Last time I talked about how breaking the rule that says “watch what your competitor does and make sure you do that too” is the critical first step in creating a brand that gets people out of their houses and into your place. Now I will share with you a little secret.
There is one rule that I believe in NEVER breaking. In fact it’s more than rule – it’s almost like a system of beliefs about what makes ads good.
Of course there are some basics: 1) good brand registration, 2) quality look and feel – after all, you can’t really expect people to look at a commercial that was shot at your local TV station for 500 dollars then somehow think that same ad makes a good stand-in for your multimillion dollar property; and 3) uniqueness of concept and 4) memorability of concept.
Once you’re kept true to the four basics, I would add this as a rule that one should never break: Respect your viewer and treat him/her as a friend. The ad you develop should create a friendship with the viewer – and because of that friendship, you have certain responsibilities. If it is a target customer you don’t know yet, you have to be especially sensitive to the rules of friendship. You do not make fun of your new friends. Even when you do comedy, you do not portray people in your ads as objects of ridicule – even if they are meant to be caricatures of people who are not in your target. Insult NO ONE with your ads. It’s just basic good business. I am constantly amazed by the tonnage of ads that air everywhere every year which make fun of people the way a 9th grade bully does – laughing at them, not with them.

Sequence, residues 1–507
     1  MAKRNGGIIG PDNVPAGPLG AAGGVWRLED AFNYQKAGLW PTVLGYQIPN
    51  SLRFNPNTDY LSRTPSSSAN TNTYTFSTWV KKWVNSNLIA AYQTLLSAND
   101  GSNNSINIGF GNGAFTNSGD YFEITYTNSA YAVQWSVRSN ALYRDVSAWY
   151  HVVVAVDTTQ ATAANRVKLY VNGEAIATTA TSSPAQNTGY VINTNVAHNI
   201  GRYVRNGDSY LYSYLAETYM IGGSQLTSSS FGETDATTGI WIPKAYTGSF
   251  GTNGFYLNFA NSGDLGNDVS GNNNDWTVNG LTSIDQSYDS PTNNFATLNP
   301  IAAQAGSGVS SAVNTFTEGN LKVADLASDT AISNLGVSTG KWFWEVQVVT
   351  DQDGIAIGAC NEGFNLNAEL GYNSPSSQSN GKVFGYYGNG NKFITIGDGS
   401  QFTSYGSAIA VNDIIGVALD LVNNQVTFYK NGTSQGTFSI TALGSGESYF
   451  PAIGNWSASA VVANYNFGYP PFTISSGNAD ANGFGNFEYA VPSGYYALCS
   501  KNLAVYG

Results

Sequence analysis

It also makes sense that if you agree that you should not insult or degrade people in your ads, that it might be a good idea to establish an emotional connection with them. That’s why most of our favorite campaigns we’ve done for our Red Circle clients use some core truth-of-the-heart about gaming to show how a guest feels about a great experience at casino. What makes it memorable and, just as important, what makes that memory proprietary to your place. Take a look at our work for Grand Casino and Kewadin Casinos, especially.
If you ever meet anyone who says that people who work in advertising have no souls or convictions, would you please send them my number? Or write to me at email@example.com. I would beg to differ!
This entry was posted on Monday, November 9th, 2009 at 7:42 am and is filed under advertising, marketing. You can follow any responses to this entry through the RSS 2.0 feed. You can leave a response, or trackback from your own site.